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8 steps to follow in power substation design and engineering
8 steps to follow in power substation design and engineering (photo credit: Stuart Feurtado via Flickr)

Substation design and engineering

Building a new substation or retrofitting the old one is a complex process full of design and engineering tasks to be worked on. The main steps in substation design and engineering are as follows:

Step 1 – switching system

Selection of a substation switching system: ring bus, breaker-and-a-half, etc. based on reliability requirements.

Substation switching schemes


Step 2 – key plan, location of components

Preparation of a key plan which should show the location of all components of a substation and their interconnections, as well as steel structures, control house, fire walls, driveways, fence and property line.

Step 3 – equipment selection and ordering

Selection and ordering of equipment, which is usually done in a utility company by a designated group of equipment experts.

They specify transformers, breakers, etc., request bids form approved vendors, evaluate the bids, place the order with a winning bidder, and participate in testing and commissioning of equipment.


Step 4 – engineering support

Engineering support for licensing and permitting which includes preparation of necessary drawings sealed by professional engineers, testifying at public hearings at the municipalities where a new substation is planned to be built, ordering of noise studies and selecting means of noise mitigation if needed.


Step 5 – civil and structural design

Civil and structural design which includes:

  1. Pile design
  2. Foundations
  3. Steel structures
  4. Control house

Step 6 – electrical layout design

Electrical layout design which includes:

  1. Positioning of equipment
  2. Bus design
  3. Design of manhole and conduit system
  4. Design of auxiliary A.C. power system
  5. Selection of D.C. batteries and battery chargers
  6. Layout of control house
  7. Grounding and lightning protection design

Step 7 – relay protection, SCADA

Control design which includes:

  1. Relay protection and instrumentation system schematics and wiring diagrams
  2. Relay racks or panels
  3. Remote control and metering (SCADA – system control and data acquisition)

Step 8

Construction support which includes a resolution of technical problems discovered during construction, ordering of additional materials, etc.


Further details of major equipment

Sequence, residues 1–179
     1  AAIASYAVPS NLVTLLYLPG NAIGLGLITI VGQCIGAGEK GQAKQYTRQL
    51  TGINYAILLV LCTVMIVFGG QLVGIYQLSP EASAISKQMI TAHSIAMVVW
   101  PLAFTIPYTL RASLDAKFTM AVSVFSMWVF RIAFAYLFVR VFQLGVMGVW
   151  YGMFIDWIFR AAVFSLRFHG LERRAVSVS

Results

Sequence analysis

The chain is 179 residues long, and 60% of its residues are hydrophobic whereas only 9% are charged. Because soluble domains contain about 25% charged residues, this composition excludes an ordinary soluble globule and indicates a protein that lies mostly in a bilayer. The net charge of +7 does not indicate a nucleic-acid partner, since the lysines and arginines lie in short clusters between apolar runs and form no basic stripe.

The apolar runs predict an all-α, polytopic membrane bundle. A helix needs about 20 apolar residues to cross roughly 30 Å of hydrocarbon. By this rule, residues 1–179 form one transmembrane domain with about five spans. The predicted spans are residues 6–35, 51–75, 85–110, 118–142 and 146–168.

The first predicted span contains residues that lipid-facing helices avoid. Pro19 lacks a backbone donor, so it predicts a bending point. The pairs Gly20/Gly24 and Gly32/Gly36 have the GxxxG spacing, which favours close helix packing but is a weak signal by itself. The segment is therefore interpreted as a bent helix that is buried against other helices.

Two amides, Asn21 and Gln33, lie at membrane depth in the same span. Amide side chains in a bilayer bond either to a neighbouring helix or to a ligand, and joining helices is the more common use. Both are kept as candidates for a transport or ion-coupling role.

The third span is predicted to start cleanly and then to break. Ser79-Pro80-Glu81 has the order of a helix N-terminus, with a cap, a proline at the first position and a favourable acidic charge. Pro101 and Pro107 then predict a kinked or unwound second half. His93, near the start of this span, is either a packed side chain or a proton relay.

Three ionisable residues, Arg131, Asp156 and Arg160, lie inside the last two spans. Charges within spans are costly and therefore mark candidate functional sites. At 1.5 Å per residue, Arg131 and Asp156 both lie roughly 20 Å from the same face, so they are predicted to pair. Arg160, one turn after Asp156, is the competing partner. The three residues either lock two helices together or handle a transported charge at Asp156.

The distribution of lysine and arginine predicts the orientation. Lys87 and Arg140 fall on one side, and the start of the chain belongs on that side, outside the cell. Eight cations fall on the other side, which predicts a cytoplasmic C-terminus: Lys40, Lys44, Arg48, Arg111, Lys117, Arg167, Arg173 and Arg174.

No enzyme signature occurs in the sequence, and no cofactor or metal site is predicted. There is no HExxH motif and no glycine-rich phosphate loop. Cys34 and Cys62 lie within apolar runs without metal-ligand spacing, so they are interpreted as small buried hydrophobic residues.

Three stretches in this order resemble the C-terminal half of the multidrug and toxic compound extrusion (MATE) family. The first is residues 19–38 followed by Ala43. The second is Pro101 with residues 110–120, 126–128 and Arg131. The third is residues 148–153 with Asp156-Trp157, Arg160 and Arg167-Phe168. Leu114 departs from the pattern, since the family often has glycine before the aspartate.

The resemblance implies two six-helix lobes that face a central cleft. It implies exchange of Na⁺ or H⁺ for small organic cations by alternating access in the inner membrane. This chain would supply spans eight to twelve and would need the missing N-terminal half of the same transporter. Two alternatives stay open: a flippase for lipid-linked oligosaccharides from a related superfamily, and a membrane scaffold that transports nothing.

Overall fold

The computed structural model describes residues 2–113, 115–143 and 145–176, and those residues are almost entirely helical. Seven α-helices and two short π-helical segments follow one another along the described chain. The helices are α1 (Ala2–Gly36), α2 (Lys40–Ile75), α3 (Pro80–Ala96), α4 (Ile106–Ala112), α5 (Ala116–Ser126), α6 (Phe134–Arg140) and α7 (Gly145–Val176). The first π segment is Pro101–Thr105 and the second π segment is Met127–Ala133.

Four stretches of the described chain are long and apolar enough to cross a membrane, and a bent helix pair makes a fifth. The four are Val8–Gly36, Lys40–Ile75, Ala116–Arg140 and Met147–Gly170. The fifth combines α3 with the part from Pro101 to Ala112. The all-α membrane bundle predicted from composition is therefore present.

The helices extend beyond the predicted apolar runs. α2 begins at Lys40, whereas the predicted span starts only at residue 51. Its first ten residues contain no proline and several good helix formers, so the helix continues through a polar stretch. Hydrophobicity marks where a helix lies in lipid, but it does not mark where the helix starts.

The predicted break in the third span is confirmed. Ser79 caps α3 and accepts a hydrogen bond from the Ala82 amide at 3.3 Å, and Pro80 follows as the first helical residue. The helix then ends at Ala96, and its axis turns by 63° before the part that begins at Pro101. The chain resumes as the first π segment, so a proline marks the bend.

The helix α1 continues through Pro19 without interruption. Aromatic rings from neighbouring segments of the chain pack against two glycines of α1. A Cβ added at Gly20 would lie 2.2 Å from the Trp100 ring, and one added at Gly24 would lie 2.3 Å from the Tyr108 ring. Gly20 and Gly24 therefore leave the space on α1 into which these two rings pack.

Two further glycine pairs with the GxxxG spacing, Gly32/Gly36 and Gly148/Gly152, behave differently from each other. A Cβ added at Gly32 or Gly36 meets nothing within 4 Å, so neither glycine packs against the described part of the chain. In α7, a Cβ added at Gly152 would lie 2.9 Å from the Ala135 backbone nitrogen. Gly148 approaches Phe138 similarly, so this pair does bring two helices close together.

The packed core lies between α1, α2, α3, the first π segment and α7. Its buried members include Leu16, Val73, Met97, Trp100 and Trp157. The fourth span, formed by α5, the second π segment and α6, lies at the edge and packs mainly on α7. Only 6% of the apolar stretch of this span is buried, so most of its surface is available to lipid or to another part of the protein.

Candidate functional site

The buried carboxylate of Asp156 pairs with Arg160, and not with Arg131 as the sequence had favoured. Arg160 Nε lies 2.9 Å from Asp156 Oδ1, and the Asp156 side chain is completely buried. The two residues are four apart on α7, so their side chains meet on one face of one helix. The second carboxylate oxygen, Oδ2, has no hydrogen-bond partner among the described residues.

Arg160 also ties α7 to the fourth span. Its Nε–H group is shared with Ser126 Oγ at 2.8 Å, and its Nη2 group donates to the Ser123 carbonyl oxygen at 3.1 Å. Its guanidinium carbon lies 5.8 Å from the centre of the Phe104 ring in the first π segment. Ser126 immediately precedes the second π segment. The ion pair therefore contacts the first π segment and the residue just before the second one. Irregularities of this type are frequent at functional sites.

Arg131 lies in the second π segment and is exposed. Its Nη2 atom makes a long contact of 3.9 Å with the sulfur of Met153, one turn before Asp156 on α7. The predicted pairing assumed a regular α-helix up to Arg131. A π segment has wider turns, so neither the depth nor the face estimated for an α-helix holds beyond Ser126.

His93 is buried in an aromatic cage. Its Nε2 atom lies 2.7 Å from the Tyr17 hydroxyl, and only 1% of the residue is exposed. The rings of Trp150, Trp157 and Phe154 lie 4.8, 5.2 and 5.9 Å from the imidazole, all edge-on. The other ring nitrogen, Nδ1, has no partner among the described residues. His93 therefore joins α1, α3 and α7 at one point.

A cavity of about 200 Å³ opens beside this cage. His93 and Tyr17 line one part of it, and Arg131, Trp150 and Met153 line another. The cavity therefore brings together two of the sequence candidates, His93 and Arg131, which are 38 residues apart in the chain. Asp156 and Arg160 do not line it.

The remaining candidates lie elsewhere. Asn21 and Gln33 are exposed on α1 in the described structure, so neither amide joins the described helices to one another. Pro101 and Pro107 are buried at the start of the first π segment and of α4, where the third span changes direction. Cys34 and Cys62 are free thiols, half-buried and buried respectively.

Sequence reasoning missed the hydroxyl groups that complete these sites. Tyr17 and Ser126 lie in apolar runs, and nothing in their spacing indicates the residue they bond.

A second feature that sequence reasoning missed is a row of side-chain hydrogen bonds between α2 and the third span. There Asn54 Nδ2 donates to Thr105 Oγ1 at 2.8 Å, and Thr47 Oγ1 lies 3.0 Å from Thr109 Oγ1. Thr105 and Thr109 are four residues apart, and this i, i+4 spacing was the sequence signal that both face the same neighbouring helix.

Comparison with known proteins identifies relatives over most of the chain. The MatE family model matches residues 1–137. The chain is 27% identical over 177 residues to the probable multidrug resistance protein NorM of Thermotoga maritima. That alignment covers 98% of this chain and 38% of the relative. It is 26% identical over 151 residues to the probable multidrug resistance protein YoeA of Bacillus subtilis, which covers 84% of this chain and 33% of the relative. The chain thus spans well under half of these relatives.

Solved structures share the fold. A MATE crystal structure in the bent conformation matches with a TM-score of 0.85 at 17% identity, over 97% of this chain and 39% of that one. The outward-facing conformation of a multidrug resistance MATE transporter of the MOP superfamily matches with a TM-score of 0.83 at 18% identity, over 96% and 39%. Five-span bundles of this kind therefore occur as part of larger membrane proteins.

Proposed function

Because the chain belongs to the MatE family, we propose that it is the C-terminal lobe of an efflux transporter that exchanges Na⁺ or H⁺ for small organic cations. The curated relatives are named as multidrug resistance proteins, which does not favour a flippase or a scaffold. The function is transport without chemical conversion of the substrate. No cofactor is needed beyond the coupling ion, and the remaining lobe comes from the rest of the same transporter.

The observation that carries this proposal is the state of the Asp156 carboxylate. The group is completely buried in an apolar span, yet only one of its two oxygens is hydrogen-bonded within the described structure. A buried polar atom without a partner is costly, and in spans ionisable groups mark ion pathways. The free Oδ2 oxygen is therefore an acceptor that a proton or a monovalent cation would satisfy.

Because selection of the major equipment is one of the most critical tasks in substation engineering, there are a lot of details. These are just the part of some major equipment ratings:

Power transformer ratings

  • Capacity including overload capability
  • Cooling class
  • Frequency
  • Primary and secondary voltage
  • Phase relation between primary and secondary voltages
  • BIL for both high and low voltage sides
  • Voltage regulation requirements: load and no-load taps
  • Transformer impedance
  • Sound level

Circuit breaker ratings

  • Rated maximum voltage
  • Rated continuous current
  • BIL
  • Rated short circuit current
  • Interrupting time
  • Rated frequency

Current transformer (CT) ratings

  • BIL
  • Rated current
  • Rated frequency
  • Number of taps and ratio for each tap
  • Accuracy class
  • Type (bushing CT, free standing, etc.)

Voltage transformer (VT) ratings

  • Rated voltage factor
  • Rated primary voltage (Up)
  • Rated secondary voltage
  • Accuracy power
  • Accuracy class
  • Voltage ratio error
  • Phase or phase displacement error
  • Rated thermal limiting output

Disconnect switch ratings

  • Rated voltage
  • Rated frequency
  • Rated current
  • Rated short-time withstand current and duration
  • Rated peak withstand current
  • Rated short-time power frequency withstand voltage (rms) – To earth between breaks
  • Rated lightning impulse withstand voltage (peak) – To earth between breaks
  • Rated busbar transferring current
  • Type of motor operation mechanism
  • Switching capacitive current
  • Switching inductive current
  • Switching busbar transferring current Bus-transfer current
An example of disconnect switch (GE, type GW7)
An example of disconnect switch (GE, type GW7)

Reference // Fundamentals of Modern Electrical Substations by Boris Shvartsberg, Ph.D., P.E., P.M.P.

About Author //

author-pic

Edvard Csanyi

Edvard - Electrical engineer, programmer and founder of EEP. Highly specialized for design of LV high power busbar trunking (<6300A) in power substations, buildings and industry fascilities. Designing of LV/MV switchgears.Professional in AutoCAD programming and web-design.Present on

One Comment


  1. Manuel Bolotinha
    Sep 23, 2016

    Just 8? And what about short-circuit and bus bar calculations?
    DC Auxiliary Services should be more detailed.

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